These speeds may seem poor if you live in Europe or the US and they are in comparison. Fact is; that for me this is as good as it gets where I live and is faster than most of the population here in Australia that have broadband access. Fast connection speeds in Australia are hard to come by and when you do they are very expensive, for me this is a good middle ground.

SPEEDTEST.NET is a great way to check out how well your ISP performs. It uses a graphical interface with some funky dials and gives very usable results as can be seen here. That is all well and good in isolation, but they also give you the functionality of being able to compare your results to others in your country and the world. These images are via the supplied links that they offer to embed your results into web pages.

Speedtest.net Screenshot

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Internode ISP To Boost Bandwidth in Australia

As you may or may not know my Internet Service Provider is Internode. This is an Adelaide run; slick internet provider that comes highly recommended for you Australian readers. I have always received great service with a no-fuss attitude. In addition to that they offer a reliable service at an affordable cost.

So without starting to sound like an advertisement or something, I found some real news on the RSS about Internode. Australian IT reports that they are wanting to be the first Australian ISP to offer “super-fast” internet connections of over 1Mps. They are currently waiting for approval by the relevant authorities. Once this is done they are planning for immediate deployment of the service.

The service is being touted as ideal for people that want to host web services, video conferencing and downloading large files. While this is all great and dandy, I bet the rest of the world is laughing their arses off! Internet services are so far behind in Australia it really is not funny. This is evidenced by the fact that I regularly talk to my overseas contacts that have much faster connections than the “super-fast” 2Mps! Indeed Knightwise who is from Belgium has a 4Mps connection for less than I am paying for 1.5Mps!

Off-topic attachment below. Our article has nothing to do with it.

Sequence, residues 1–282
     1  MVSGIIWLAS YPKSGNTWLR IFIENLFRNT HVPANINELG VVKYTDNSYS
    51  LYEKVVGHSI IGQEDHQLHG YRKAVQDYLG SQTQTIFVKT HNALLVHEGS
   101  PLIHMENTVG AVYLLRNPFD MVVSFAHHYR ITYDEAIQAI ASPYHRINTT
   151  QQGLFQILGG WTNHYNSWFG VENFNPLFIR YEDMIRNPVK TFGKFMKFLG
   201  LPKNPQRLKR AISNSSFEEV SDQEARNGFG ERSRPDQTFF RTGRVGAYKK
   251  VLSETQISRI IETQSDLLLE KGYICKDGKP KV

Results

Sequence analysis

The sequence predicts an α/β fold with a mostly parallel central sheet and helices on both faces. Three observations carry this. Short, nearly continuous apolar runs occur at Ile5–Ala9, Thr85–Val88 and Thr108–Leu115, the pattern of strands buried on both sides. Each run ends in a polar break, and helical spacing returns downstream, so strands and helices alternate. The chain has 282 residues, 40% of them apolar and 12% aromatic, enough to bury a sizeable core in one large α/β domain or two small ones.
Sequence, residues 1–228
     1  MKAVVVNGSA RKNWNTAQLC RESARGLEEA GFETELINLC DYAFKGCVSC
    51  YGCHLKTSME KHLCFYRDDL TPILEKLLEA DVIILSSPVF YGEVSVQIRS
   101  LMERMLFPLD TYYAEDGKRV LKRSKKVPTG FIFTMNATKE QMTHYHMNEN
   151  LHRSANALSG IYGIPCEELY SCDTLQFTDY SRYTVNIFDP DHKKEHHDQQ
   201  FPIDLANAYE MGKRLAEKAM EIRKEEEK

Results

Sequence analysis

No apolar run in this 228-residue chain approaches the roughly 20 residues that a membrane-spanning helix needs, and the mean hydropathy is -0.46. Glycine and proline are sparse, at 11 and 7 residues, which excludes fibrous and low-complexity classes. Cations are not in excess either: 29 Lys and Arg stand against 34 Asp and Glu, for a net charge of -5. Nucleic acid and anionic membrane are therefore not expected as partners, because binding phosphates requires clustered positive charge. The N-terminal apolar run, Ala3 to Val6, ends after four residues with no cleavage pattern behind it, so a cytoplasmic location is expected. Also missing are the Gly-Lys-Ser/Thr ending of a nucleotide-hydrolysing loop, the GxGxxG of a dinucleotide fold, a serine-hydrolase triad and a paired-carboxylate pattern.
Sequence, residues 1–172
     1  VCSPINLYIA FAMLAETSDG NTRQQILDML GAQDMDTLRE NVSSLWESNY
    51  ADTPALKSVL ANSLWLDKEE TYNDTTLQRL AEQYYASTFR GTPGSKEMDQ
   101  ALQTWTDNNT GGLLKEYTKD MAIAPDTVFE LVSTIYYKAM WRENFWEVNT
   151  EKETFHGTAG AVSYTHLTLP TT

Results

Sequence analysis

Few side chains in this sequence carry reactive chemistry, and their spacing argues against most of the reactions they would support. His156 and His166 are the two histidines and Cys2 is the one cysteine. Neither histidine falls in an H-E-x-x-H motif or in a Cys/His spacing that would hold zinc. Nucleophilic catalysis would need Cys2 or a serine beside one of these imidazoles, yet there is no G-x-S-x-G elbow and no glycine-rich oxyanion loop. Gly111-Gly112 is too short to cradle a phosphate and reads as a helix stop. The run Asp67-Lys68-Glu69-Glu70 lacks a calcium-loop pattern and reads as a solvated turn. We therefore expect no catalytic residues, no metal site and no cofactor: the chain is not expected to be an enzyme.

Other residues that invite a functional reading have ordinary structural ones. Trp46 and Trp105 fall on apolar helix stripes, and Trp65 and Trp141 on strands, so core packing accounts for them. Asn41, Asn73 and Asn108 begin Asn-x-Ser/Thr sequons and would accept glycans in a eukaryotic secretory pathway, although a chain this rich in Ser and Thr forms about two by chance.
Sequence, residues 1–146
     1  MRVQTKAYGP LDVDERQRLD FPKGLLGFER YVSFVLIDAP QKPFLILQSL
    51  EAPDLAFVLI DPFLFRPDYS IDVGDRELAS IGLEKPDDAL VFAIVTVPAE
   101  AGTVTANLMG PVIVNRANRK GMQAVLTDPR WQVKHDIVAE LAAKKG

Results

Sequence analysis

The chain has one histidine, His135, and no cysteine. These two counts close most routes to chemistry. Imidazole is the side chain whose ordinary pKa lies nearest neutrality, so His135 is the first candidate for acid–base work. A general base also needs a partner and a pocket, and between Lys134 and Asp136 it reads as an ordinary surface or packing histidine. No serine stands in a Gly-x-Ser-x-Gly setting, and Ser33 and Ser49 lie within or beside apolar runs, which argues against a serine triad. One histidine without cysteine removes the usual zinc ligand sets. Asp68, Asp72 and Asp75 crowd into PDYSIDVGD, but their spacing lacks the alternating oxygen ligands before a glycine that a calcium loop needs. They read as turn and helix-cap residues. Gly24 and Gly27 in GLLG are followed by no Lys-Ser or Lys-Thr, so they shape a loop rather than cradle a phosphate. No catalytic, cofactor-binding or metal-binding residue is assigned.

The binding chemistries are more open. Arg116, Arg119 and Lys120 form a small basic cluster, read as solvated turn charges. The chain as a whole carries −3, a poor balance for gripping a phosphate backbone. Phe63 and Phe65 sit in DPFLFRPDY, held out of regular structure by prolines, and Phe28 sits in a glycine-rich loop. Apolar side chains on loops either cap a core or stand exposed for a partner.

This is not to shun the forward thinking of Internode. The fact that they are pushing for faster connections is great but we are really behind the times on a global level and scale.

The tele-communications industry in Australia remains a political and red-tape filled cess pit that, from what I can see, shows no sign of changing any time soon. This is severely compromising our stake in this rapidly changing and transforming landscape that is the internet. Perhaps the global push for connectivity will boot our industry into a more competitive stance and one that enables the community to take advantage of all that the internet is offering, rather than a restrictive, legalistic, overpriced and unfair monopoly (Despite the denials) that restricts access and that is based on cost alone.

This is highly evident by the fact that at the moment I pay $49.95 AU a month for a 1500/256 connection. If I was with the biggest, most dominant and anti-competitive company in Australia and yet the most popular, Telstra; I would be paying $125 AU. When you ask them why; you get the usual red-tape rhetoric. I just do not understand how a company that charges more than double can stay in business. Other than the fact that they prey on peoples’ comfort in familiarity.

Congratulations to Internode for playing the ball. Wake up you Telstra morons we are being left behind and yes you are a problem.